Last night, I attended an education meeting that was very different. It was a very odd group of folks getting together in one room to talk about things that affect all Delaware schools. It was a mixture of people who represented two different sides of public education.
The meeting was sponsored by Delaware State Rep. Kim Williams and Laurissa Schutt, the Executive Director for Delaware Teach For America. Speakers from schools that have TFA educators spoke about struggles that students bring into the classroom. Many of these schools were in Wilmington. The teachers and administrators talked about the effects of poverty and violence. Suicide came up as did trauma brought on by shootings in the city. Dusty Blakey, the Superintendent of Colonial School District, spoke about his district’s partnership with Nemours to provide health-based services for students. I quickly learned the issues many students deal with are not strictly traditional school district issues, but all schools that have trauma.
Questions came up about how to extend those health-based services to the community. Obstacles to that are embedded in Delaware state code. Which is why many legislators attended the event from both the Delaware House of Representatives and Senate.
It wasn’t a meeting to talk about traditional schools vs. charter schools. Yes, funding came up, but it was directed towards how we can best help students. These are all public school students no matter what school they go to. It was a good idea and I’m glad Rep. Williams and Schutt held this forum. Two very different and ideological sides to the same coin, getting together to discuss best options for students with high needs… I’m on board with that! Kendall Massett from the Delaware Charter Schools Network came up with a very good idea- get every single Delaware Principal and lead counselors from every school in the state together along with representatives from every single community based business or organization together in a type of super forum. She suggested using Dover Downs for something like this. Have the educators on one side discuss what they need in schools and have the others talk about what they are able to do. Then switch sides and collaborate.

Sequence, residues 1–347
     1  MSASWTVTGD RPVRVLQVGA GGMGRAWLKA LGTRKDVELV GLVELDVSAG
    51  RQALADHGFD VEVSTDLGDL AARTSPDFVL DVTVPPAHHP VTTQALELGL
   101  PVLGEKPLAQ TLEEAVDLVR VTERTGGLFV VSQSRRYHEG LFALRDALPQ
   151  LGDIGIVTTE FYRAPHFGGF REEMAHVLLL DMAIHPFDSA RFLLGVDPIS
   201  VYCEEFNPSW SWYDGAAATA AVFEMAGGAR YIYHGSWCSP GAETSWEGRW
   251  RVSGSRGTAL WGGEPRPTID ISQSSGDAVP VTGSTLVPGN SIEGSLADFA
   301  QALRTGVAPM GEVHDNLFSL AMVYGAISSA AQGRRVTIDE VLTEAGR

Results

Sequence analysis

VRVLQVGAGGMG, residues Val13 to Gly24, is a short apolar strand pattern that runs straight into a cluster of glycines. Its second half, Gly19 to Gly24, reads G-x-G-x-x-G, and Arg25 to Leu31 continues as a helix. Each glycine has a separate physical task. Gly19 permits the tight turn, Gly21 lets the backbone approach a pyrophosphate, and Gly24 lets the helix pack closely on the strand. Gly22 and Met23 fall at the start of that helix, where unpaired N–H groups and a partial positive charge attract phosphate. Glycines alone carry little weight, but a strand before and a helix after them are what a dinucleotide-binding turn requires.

I have always questioned the viability of bringing outside organizations into schools. But if it is to truly help students with services and resources schools are either financially or legally unable to offer, I can support that. My concerns with these types of partnerships circulate around student data privacy and how any data collected is used.
Lieutenant Governor Bethany Hall-Long, who leads the Delaware Mental Health Consortium, also attended the event and applauded the special education strategic plan. She also mentioned community forums being held in the next month. The schedule for these forums is at the bottom of this article.